Municipal Mechanic Fatally Injured When Crushed Between a Skid-steer Loader’s Frame and Bucket – Massachusetts

Massachusetts Case Report: 12MA024
Release Date: June 23, 2014
 

The following report is the product of our Cooperative State partner and is presented here in its original unedited form from the state. The findings and conclusions in this report are those of the individual Cooperative State partner and do not necessarily reflect the views or policy of the National Institute for Occupational Safety and Health.

SUMMARY

On November 30, 2012, a 55-year-old male municipal mechanic (victim) for a water department was fatally injured while troubleshooting a malfunctioning skid-steer loader. The victim was standing facing the loader between the loader’s raised bucket and the frame when the raised bucket came down, crushing the victim against the loader’s frame. The victim was found by a co-worker who had entered the garage to check on him. The co-worker immediately called 911 and then called other co-workers from his cell phone. The multiple co-workers and emergency medical workers (EMS) arrived within minutes. EMS transported the victim to a local hospital where he was pronounced dead. Contributing factors identified in this investigation were that there were no lockout/tagout procedures, the lift arm support device was not installed to prevent the lift arm from lowering, the operator seat bar was engaged while no one was located in the loader’s seat, and the victim was working under a raised load. The Massachusetts FACE Program concluded that to prevent similar occurrences in the future, municipalities should:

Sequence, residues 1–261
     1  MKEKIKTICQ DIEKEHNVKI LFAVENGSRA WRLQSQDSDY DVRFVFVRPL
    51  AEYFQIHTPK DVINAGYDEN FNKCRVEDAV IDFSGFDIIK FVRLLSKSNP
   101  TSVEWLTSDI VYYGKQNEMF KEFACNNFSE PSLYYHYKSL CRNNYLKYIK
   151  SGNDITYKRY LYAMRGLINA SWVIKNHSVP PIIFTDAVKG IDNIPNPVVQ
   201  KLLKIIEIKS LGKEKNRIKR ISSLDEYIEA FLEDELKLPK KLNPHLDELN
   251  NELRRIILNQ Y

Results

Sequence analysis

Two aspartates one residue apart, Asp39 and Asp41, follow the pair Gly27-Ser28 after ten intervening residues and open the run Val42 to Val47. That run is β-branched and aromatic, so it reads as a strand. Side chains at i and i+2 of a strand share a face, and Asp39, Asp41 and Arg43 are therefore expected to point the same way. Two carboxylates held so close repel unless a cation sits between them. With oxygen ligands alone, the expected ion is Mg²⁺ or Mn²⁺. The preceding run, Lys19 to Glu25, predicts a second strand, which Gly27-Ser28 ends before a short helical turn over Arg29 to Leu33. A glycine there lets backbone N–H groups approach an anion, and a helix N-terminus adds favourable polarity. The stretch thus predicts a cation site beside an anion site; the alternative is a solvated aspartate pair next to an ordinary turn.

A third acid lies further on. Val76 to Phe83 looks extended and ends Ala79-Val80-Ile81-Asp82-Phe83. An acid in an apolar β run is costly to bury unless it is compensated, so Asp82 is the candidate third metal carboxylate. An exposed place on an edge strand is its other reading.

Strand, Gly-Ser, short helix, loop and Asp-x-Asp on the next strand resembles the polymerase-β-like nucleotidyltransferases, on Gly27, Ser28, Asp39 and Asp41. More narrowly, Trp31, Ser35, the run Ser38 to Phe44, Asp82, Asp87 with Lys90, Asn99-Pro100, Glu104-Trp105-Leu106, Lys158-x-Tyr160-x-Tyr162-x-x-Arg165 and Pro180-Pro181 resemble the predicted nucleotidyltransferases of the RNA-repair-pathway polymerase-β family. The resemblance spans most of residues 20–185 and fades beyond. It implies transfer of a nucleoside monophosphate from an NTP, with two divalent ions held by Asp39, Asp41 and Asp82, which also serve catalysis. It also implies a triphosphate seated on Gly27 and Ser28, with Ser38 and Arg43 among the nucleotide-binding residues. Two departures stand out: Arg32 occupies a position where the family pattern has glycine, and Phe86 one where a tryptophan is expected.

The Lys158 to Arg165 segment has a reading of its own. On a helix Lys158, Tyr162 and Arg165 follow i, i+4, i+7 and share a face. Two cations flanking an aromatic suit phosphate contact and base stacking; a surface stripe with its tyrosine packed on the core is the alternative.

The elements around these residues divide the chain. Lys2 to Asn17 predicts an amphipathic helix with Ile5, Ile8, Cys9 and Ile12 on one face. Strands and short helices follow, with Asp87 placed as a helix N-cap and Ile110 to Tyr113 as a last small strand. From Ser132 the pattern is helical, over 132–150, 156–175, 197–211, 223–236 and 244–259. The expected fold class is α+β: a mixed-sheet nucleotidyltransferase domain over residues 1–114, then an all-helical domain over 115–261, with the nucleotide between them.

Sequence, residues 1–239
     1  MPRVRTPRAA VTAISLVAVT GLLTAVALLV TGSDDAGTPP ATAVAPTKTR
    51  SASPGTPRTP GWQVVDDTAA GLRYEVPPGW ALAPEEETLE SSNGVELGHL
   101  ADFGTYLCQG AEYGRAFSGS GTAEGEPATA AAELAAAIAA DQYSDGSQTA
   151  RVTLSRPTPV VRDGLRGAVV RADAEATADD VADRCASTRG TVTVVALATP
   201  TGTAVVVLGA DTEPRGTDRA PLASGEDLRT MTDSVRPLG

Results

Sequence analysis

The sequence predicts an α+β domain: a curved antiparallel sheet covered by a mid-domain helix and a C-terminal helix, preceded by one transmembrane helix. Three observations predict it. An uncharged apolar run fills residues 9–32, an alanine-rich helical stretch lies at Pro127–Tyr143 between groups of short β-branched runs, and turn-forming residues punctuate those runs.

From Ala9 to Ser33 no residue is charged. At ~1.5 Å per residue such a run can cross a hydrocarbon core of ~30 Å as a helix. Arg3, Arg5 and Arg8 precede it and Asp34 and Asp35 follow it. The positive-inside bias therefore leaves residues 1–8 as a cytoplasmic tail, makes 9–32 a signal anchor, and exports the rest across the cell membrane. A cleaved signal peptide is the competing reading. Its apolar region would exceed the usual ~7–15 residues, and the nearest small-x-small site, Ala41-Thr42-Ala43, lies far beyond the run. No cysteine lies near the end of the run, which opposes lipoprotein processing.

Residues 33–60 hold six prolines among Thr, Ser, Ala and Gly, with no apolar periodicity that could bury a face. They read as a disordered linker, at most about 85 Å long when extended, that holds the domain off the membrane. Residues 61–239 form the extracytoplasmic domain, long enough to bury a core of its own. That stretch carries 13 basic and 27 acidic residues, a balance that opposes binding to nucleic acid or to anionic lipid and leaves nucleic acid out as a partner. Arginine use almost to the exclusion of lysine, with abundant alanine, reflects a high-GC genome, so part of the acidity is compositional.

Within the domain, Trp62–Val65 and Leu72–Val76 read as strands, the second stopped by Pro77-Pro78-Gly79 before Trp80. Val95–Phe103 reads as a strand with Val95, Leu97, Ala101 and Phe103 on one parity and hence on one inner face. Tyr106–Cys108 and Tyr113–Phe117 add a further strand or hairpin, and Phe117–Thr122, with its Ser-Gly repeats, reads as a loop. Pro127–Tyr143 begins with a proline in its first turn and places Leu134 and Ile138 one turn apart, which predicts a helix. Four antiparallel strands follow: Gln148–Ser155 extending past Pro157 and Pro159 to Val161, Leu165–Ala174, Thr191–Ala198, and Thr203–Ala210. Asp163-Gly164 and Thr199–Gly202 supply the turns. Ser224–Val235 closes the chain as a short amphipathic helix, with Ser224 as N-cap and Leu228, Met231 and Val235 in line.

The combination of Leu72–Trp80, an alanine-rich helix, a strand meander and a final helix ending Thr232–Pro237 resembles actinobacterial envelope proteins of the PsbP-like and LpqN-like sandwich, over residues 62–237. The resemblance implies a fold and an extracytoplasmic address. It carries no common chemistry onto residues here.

• Ensure that safeguards and interlocks are used and are readily accessible, never bypassed;
  • Ensure that skid-steer loader lift arm support devices are installed prior to beginning troubleshooting and maintenance tasks that require the lift arm to be in the raised position;
  • Ensure that skid-steer loader operator seat bars are only in the lowered position when a worker is seated in the operator’s seat;
  • Develop, implement and enforce lockout/tagout procedures for skid-steer loader maintenance tasks that include the use of the loader’s lift arm support device; and
  • Provide work environments for employees that, at a minimum, meet all relevant Occupational Safety and Health Administration (OSHA) regulations and industry accepted standards of practice per the Department of Labor Standards policy.

Municipal Mechanic Fatally Injured When Crushed Between a Skid-steer Loader’s Frame and Bucket – MassachusettsCdc-pdf [PDF 1.1 MB]

Page last reviewed: November 18, 2015